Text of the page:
Harry Friedland didn’t expect a standing ovation at the dedication of a new Hebrew-Czech prayer book he helped finance in memory of his wife, Barbara. Standing in a rebuilt synagogue in the city of Liberec on a Friday night in July, the Fort Lee resident was stunned at the reaction.
"It was incredible," he recalled. "Many of the participants came up and shook my hand and said, ‘It’s a wonderful thing you’ve done.’ They were just so exuberant, I’ll never forget it."
Thanks to Friedland’s patronage, Liberal (the equivalent of Reform) congregations in Slovakia and the Czech Republic now have a new edition of the Jewish prayer book.
Friedland’s involvement started right after his wife’s funeral three years ago, when he asked his rabbi, Norman Patz of North Caldwell, to suggest a project in her memory.
Harry Friedland at the dedication of the new prayer book.
"Norman told me about a small group of Reform Jews in the Czech Republic, which never really had its own proper prayer book," said Friedland, a retired businessman. "He said there was a rabbi in London who wanted to produce one, but it needed a sponsor. That sounded very exciting to me, because Prague was one of our favorite cities and Rabbi Patz’s, too."
Friedland and his friends and relatives underwrote the cost of the publication, which neared $5,800 and took three years to complete. "My wife would have been very proud of me," he said.
Both Friedland and Patz traveled to the dedication, which was the opening event of a regional conference of Liberal congregations. Patz called it "a milestone event in the history of post-war Czech Jewry," attended by 80 people from congregations in Prague, Pilzen, Liberec, Brno, and Slovakia.
"Hegjon Ha-Lev" ("Meditation of the Heart") encompasses ’16 pages of Shabbat prayers in Hebrew and Czech, plus transliteration of the Hebrew, said Patz. It was prepared under the direction of Tom Kucera, a young Czech-born rabbi ordained at Abraham Geiger College in Berlin, with the cooperation of Rabbi Joel Oseran of the World Union for Progressive Judaism and Rabbi Andrew Goldstein of London.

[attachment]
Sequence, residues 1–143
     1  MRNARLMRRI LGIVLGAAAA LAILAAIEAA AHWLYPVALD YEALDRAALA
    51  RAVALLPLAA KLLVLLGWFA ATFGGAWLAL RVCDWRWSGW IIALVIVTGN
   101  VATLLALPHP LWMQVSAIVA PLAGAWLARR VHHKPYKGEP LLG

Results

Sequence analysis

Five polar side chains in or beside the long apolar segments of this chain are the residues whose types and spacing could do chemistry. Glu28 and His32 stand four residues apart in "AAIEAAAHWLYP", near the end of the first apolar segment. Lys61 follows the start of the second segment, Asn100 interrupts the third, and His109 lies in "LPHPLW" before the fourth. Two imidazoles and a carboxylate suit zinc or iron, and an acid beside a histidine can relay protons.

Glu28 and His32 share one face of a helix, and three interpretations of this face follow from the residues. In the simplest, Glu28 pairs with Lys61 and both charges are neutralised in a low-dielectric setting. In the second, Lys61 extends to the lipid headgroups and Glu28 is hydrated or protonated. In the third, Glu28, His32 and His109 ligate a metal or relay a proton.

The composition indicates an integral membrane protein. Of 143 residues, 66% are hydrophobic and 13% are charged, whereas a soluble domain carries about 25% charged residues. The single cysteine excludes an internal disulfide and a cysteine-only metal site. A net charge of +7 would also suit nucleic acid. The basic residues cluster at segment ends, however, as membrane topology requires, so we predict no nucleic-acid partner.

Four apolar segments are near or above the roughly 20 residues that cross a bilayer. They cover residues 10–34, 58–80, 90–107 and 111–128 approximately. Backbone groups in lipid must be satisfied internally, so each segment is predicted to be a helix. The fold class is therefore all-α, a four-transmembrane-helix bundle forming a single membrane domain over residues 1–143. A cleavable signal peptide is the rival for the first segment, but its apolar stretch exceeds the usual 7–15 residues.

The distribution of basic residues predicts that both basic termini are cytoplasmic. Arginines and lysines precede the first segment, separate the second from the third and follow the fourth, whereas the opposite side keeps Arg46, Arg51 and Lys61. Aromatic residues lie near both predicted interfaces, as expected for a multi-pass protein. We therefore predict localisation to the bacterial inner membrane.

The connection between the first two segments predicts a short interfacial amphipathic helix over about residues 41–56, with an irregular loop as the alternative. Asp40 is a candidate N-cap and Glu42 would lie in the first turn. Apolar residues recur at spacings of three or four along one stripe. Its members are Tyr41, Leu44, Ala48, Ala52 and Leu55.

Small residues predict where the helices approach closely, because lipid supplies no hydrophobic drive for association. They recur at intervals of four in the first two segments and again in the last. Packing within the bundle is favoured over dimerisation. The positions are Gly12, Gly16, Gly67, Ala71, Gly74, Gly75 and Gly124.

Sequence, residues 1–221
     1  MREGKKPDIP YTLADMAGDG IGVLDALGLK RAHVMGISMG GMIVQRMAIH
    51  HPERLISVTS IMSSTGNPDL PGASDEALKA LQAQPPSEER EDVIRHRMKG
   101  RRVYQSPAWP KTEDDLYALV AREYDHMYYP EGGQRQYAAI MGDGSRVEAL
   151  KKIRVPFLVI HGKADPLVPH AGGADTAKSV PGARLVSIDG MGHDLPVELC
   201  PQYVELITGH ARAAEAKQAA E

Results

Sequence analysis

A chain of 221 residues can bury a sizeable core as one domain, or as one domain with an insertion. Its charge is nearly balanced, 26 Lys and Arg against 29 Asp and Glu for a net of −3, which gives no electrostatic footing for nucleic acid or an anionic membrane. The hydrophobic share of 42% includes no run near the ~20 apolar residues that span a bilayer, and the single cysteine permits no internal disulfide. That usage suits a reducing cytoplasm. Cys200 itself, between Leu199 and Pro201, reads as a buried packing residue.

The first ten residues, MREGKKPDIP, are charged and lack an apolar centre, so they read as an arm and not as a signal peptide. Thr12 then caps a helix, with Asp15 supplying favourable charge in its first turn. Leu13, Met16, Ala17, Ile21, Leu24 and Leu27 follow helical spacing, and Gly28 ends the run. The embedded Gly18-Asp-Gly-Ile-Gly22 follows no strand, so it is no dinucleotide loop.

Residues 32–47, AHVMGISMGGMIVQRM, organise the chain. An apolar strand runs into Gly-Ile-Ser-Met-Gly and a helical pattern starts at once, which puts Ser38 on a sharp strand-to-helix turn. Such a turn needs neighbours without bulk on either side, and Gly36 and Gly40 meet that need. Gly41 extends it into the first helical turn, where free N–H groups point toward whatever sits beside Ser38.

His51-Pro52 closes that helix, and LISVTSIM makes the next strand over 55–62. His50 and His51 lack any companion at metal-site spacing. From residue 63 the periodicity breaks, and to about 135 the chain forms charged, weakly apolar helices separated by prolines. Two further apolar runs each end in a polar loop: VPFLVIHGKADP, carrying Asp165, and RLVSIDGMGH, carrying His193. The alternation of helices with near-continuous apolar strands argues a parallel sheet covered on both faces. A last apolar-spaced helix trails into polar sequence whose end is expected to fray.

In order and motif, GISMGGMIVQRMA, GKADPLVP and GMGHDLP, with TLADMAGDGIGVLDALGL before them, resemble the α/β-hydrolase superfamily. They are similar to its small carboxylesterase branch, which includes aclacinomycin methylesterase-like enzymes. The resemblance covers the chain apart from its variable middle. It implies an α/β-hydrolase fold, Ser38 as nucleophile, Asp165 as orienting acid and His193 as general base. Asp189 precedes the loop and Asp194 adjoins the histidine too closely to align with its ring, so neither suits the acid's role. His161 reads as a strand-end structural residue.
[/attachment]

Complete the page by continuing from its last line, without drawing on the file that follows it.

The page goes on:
At the suggestion of Patz, Goldstein chose to illustrate the prayer book with pen-and-ink drawings by the late Czech Jewish artist and book designer Hugo Steiner-Prag.
Steiner-Prag was commissioned to illustrate a Czech High Holiday prayer book in 1938, but the book was never published because of the Nazi invasion in 1939. The artist took the drawings with him when he fled the country. After the war, they were contributed by his widow to the Leo Baeck Institute in New York, which permitted them to be used in the new siddur.
"The inclusion of the drawings is a ‘homecoming’ for them because the artist so loved Prague that he added its name to his own surname," said Patz, who is rabbi emeritus of Temple Sholom of West Essex in Cedar Grove and president emeritus of the Society for the History of Czechoslovak Jews.
The Friedlands had been members of Patz’s congregation for the 34 years they lived in West Caldwell. They relocated to Fort Lee 14 years ago.
Speaking at the gathering, Patz said, "The prayers identify the demands of our hearts, and of God, for sustenance and security, for forgiveness, for justice and mercy, and thus express our intention to be partners with God in striving to achieve these ideals in the face of the vast and troubling imperfections of our lives and our world."
Friedland, who knows just two words in Czech, said the attendees’ enthusiasm was overwhelming. "I stood there and thought, ‘This is all happening because Barbara died.’ I looked at these 80 faces, singing away, and realized that what they lost to Nazism and Communism doesn’t compare to my tragedy, because their tragedy was not natural."
Though there is not yet a synagogue to house Prague’s small Liberal congregation, Friedland said he dreams of the day when his friends and family can walk into such a temple there and see the dedication to his wife inside every siddur.
Said Patz: "The publication of this prayer book is a tangible vote of confidence on behalf of and on the part of the Liberal Czech Jewish community, a growing number of Jews who want their faith to be a vital force in their lives."